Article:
Arcata High School - Advance Yearbook (Arcata, CA)

 - Class of 1922

Page 30 of 70

 

Arcata High School - Advance Yearbook (Arcata, CA) online yearbook collection, 1922 Edition, Page 30 of 70
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Page 30 text:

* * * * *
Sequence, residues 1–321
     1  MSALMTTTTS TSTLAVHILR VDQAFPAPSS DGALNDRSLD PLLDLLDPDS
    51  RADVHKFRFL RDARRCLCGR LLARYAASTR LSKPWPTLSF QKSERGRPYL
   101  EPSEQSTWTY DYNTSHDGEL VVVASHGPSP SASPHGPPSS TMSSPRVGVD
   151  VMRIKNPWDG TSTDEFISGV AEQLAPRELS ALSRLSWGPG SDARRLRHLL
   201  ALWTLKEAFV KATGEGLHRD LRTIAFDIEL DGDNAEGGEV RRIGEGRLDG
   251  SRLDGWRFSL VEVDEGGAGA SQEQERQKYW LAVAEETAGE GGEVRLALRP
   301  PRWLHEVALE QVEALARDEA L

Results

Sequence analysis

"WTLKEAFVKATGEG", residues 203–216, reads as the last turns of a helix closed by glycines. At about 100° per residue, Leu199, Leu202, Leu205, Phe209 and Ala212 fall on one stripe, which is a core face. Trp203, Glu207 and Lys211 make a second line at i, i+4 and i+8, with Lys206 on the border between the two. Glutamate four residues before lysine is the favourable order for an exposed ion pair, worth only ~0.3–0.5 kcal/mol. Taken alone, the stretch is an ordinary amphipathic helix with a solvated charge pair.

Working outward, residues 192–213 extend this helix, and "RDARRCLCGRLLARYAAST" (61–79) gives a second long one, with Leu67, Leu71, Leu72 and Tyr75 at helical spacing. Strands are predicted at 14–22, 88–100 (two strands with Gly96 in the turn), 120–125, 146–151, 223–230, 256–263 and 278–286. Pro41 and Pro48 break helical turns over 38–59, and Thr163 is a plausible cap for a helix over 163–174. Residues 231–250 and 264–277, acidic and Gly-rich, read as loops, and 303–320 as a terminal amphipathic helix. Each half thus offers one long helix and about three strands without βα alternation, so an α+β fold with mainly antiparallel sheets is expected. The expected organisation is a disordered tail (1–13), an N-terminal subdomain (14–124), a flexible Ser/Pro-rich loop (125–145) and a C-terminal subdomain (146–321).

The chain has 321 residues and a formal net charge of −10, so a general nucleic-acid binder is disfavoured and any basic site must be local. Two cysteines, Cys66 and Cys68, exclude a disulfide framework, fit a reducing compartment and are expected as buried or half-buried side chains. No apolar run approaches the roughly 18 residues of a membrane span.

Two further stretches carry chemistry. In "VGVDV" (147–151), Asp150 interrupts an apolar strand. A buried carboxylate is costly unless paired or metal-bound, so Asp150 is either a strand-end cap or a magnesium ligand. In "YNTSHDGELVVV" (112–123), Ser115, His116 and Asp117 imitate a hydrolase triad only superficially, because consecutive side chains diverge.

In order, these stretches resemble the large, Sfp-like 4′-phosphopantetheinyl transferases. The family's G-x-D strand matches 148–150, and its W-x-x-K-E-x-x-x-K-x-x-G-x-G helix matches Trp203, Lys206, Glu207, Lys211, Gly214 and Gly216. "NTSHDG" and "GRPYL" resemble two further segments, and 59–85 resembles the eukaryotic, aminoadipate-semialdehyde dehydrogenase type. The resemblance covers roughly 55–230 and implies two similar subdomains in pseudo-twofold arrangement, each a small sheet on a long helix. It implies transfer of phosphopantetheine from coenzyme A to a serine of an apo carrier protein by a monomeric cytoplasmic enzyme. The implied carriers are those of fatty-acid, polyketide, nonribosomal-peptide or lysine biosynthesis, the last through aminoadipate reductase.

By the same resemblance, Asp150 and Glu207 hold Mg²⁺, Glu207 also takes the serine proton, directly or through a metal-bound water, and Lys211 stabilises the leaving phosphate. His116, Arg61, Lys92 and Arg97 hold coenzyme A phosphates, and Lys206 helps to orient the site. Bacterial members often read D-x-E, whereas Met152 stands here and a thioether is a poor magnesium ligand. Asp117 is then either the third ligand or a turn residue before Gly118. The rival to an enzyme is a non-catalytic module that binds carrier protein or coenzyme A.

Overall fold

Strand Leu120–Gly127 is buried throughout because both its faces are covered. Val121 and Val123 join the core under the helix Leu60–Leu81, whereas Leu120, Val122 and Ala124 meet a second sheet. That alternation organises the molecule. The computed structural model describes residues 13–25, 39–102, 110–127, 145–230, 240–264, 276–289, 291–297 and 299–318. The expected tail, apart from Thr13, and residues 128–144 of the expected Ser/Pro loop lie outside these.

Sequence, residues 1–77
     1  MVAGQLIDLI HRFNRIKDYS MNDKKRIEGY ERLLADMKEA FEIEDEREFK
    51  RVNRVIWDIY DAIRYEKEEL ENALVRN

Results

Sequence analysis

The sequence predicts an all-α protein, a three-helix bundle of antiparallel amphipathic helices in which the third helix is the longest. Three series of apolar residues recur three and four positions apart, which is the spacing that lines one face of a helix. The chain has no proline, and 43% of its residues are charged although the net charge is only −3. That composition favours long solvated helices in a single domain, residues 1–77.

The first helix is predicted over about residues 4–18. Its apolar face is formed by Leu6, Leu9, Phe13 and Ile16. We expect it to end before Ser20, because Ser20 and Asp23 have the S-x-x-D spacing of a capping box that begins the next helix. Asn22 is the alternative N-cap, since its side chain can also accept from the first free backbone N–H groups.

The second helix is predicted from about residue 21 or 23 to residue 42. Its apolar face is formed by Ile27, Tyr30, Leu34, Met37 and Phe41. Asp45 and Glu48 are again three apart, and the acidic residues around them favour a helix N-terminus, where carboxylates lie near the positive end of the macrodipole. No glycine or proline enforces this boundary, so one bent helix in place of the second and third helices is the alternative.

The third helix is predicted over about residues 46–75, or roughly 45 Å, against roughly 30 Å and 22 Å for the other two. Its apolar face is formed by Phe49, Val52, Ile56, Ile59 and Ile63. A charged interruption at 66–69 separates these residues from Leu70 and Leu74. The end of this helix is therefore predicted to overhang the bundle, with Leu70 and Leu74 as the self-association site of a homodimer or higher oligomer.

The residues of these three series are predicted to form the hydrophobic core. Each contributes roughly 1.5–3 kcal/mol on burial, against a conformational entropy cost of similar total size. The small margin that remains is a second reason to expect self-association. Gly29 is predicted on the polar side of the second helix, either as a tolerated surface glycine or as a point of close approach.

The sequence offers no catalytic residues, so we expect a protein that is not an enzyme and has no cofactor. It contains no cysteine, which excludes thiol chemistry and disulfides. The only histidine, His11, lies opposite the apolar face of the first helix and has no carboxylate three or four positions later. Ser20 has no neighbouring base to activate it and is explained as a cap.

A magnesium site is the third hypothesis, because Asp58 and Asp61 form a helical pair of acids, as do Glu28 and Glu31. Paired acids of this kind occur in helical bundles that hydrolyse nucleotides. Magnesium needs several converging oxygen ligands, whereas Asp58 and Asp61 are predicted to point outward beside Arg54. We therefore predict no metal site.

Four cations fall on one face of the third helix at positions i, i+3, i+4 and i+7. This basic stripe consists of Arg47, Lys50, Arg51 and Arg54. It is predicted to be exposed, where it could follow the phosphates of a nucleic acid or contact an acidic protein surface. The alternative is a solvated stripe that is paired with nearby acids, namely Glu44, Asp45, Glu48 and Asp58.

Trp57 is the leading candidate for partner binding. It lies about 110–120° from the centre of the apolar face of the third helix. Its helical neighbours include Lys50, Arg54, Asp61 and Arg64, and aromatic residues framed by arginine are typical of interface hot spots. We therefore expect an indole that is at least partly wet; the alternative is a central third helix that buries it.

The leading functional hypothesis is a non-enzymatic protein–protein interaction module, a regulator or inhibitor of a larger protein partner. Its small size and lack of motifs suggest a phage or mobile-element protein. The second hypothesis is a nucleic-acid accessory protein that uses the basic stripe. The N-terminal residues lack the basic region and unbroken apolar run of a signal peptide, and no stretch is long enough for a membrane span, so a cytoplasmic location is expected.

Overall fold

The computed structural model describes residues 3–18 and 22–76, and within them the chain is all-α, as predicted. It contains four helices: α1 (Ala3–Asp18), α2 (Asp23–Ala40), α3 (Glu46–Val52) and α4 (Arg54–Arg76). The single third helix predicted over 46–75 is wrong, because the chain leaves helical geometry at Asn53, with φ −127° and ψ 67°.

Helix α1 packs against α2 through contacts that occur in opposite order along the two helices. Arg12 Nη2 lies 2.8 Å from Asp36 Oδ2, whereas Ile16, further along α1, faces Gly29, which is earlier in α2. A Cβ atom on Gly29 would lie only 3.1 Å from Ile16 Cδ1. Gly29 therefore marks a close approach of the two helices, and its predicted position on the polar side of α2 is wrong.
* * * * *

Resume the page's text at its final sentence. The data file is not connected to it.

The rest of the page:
over the antenna switch for transmitting started to send out a distress call. "Dit-- dit---dit---dah--dah--dah---dit--dit--dit---'' barked the quenched gap as Prescott cautiously and breathlessly formed the dots and dashes and sent this message: "U.S.S. Alaskan heading for mussel shoals. Captain and mate attempt to sink boat and escape with money on board. Help--hurry. " As he finished the message a sudden jar of the ship knocked Prescott off his feet. A sound of a ship's hull striking sand was heard. The ship shook from stern to stem, and he knew that the crash had split the bow in two. Frantically he sent out another S.O.S. "Alaskan hit Mussle Shoals and sink- ing fast. Bow under water and crew im- prisoned below. All life boats smashed." The ship was now sinking rapidly. Prescott ran to the port hole and saw that the water was covering the ship. He knew that immediate help was the only thing that could save anyone. Running back to his set, he heard the British Ship "Peebles," She was coming to their res- cue. He breathed a sigh of relief, and cz refully picking his way below, Prescott planned a way to free the imprisoned crew. As he reached the last step of the ccmpanionway, he came face to face with the captain. Suddenly the Alaskan gave a mighty shake. She rose up on her nose, and, with a last effort to right herself, she slid silently into the sea, making the innocent suffer for the guilty. When the English ship "Peebles" reached the spot in grey dawn an expanse of undisturbed sea greeted the captain's eyes. Somewhere there at the bottom lay the Alaskan and her crew. The real- ization that he had come to late surged thru the captain and he turned away from the bridge to go below. As he did so, a dark object, bobbing persistently at the ship's very side, attracted his notice. Quickly ordering the crew to investigate, he hurried to the lower deck and stood waiting by the rail. The object proved to be one of the Alaskan's victims, and as the sailors lifted the half-conscious man 25 to the deck they found, tied about his neck, a sack of money in which was the treasury record kept by the ship's com- pany. The name found in the wallet was that of John Prescott, chief operator of the U.S.S. Alaskan. Charles Vanoncini '23 lirinrnm lllathu I was sitting half asleep in a rocking chair, petting the Persian cat and trying to study my history. Her purring was so loud and different from that of other cats that I began to wonder. Suddenly the purring took on a new note and be- came more like a foreign language, then it changed into good American. This is what she said: "You say I am a cat. Well, Iam and also the Princess Hathu.You know that the Egyptians, thousands of years ago believed that when a person died his soul was transformed into the body of some animal." "I lived thousands of years ago in Egypt. My father's palace was near the delta of the Nile among tall palm trees. You have no idea of the splendor of the palaces built by large numbers of slaves taken captive in the wars waged by my famous father. Many times with him I have ridden on expeditions to discover unknown countries. The results of these expeditions were all carved on the walls of the temple. "As a child I was instructed in geometry and arithmetic. Iabominated both, but loved the music of the pipes and harp in which I was very excellent." "We had beautiful boats rowed by negro boatmen, andI was attended by negro women on my pleasure trips. On such occasions we often gathered the lo- tus flowers to decorate the palace and temple. "We had large glass manufacturing plants, and colored glass much better